Keep Pushing

Limitations. People put them on others and sometimes we put them on ourselves. It may be the number one reason why people fail. When something has already been pre-determined in your mind, usually it happens. We do what we think. We act how we feel. We walk out what we believe. The number one killer of a man’s soul is self-doubt.

In life there are times where you feel like the walls are closing in on you. Pressure mounts and your internal temperature starts to rise. You start to second guess yourself. Frustration sets in, which can lead to anger and from there we usually make decisions that we end up regretting.

So as men how do we combat this? How do we “clear the mechanism” and get that stinkin’ thinkin’ out of our heads? I have some encouragement for you today. When you feel like you are headed for a breakdown, you are most likely on the doorstep of a breakthrough.

Searching for answers

The year was 1998 and I was two years into my professional baseball playing career. I loved playing the game, but I was not performing well on the field. I started to second guess myself and decided that I should look into returning to college to pursue a master’s degree. In January, I contacted the NCAA and learned that I had a 5th year of sports eligibility in another sport. So, I signed up to play in a semi-pro football league in Phoenix, AZ.

I played wide receiver, corner, safety and they put me on every special team. I was having a blast and playing great until I got blindsided on a punt return. My right shoulder felt like it was out of socket. I had someone pull on my arm but didn’t get any reprieve from the pain. The injury ended up being a torn labrum and my range of motion for my right arm, the one I throw with, was at about 25%.

I decided against surgery and played the rest of the football season with essentially one arm. I no longer played wide receiver and now focused solely on the defensive side of the ball. I was 6’2, 210 pounds and I packed a wallop. I had so much fun playing, but towards the end of the season I got an itch to play baseball again. The dream was not dead, but my arm was.

I went out to a field to play catch with a friend and I could barely throw the ball back to the mound, which is only 60 feet. I went home and cried that day thinking about how stupid I was to risk a professional playing career, floundering as it was, to play a sport that I had little to no chance at playing beyond college. I was searching for answers and I was hitting dead ends.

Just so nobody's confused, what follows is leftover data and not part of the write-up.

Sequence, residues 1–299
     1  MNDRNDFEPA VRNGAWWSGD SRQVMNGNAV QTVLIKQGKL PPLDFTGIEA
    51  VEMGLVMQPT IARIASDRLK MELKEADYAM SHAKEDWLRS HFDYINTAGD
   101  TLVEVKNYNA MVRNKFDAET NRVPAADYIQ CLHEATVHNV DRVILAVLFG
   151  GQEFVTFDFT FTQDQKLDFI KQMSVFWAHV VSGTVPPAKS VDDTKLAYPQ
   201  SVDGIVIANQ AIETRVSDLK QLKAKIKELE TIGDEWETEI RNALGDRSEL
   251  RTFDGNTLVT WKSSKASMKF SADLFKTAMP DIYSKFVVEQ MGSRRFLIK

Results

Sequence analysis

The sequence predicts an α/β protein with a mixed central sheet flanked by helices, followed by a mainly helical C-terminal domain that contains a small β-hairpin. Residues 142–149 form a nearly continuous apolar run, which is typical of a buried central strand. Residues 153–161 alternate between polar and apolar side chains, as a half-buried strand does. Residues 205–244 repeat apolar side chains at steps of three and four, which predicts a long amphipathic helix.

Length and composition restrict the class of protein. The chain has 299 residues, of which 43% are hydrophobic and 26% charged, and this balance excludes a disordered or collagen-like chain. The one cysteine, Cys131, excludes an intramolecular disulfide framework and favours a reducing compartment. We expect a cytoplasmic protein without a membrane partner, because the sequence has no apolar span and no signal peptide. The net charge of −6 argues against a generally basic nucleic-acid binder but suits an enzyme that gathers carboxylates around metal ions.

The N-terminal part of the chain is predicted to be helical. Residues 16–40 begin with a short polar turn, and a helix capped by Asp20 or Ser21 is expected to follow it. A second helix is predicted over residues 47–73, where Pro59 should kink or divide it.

I got on my knees and started to pray. I had already been working out, but now I busted my butt even harder for the next month in the weight room so I could to rehabilitate my arm. By the time May rolled around I could get the ball to second base, but not with the strength like I used to. It was good enough to get signed by an Independent team in Thunder Bay, Ontario and by the end of the month I was on a plane to North Dakota for their Spring Training.

Going through the gauntlet

We went through two weeks of practice and at the end the manager let me know that I would not make the team. He offered me a flight home, but I declined. I asked instead for a flight to Minneapolis, MN. From there I took a Greyhound bus to Kalamazoo, MI and spent the next few days on my cousin Matt’s couch. Over the next 2 weeks I worked out for minor league teams in Kalamazoo and Chillicothe, OH, but was not offered a contract by either team.

Hope was restored when I was contacted by a team from Tupelo, MS and I signed a contract with them. I was playing well, but unfortunately the team folded due to mismanaged funds by the owner. As much as this disappointed me, I was feeling better now that I had played a little bit in games and reached out to a team in Huntingburg, IN. I worked out with them and played well over a weekend series, but the manager said that if he kept me then he would have to cut one of his other catchers and he was not prepared to do that.

I ended up getting picked up by my sister Mary who lives in Louisville, KY and lived with her while I continued to stay in shape. After a few days I verbally agreed to a deal with a team in Bend, OR and I caught a flight to Portland soon after. Let’s just say some things got muddied up between me and the team and what I thought was a concrete deal turned into almost a week-long tryout. They didn’t sign me, but since they were just starting a long home stand, they agreed to let me stick around and work out for the visiting teams. The problem was now I had nowhere to sleep because the team made me move out of the apartment they were letting me stay at.

I asked for permission to sleep in the clubhouse after the games and they agreed to let me. So, after the players went home, I slept on the training room table. We had an infestation of flies one night (probably Satan himself) so I moved to the “luxury box” which was literally a couch on top of the first base dugout. Yes, that is correct. I slept outside, on a couch, on top of the first base dugout. I was running low on money, so I survived on cereal, peanut butter, hot dog buns and leftovers from the concession stand after games. Things were looking bleak.